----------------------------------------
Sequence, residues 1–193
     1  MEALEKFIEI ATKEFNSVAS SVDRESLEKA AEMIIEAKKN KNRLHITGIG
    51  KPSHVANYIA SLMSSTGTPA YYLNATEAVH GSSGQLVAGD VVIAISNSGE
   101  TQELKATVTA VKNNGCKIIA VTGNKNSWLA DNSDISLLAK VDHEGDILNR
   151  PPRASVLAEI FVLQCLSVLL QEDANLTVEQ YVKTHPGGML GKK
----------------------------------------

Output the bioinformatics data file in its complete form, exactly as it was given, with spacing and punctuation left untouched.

Sequence, residues 1–193
     1  MEALEKFIEI ATKEFNSVAS SVDRESLEKA AEMIIEAKKN KNRLHITGIG
    51  KPSHVANYIA SLMSSTGTPA YYLNATEAVH GSSGQLVAGD VVIAISNSGE
   101  TQELKATVTA VKNNGCKIIA VTGNKNSWLA DNSDISLLAK VDHEGDILNR
   151  PPRASVLAEI FVLQCLSVLL QEDANLTVEQ YVKTHPGGML GKK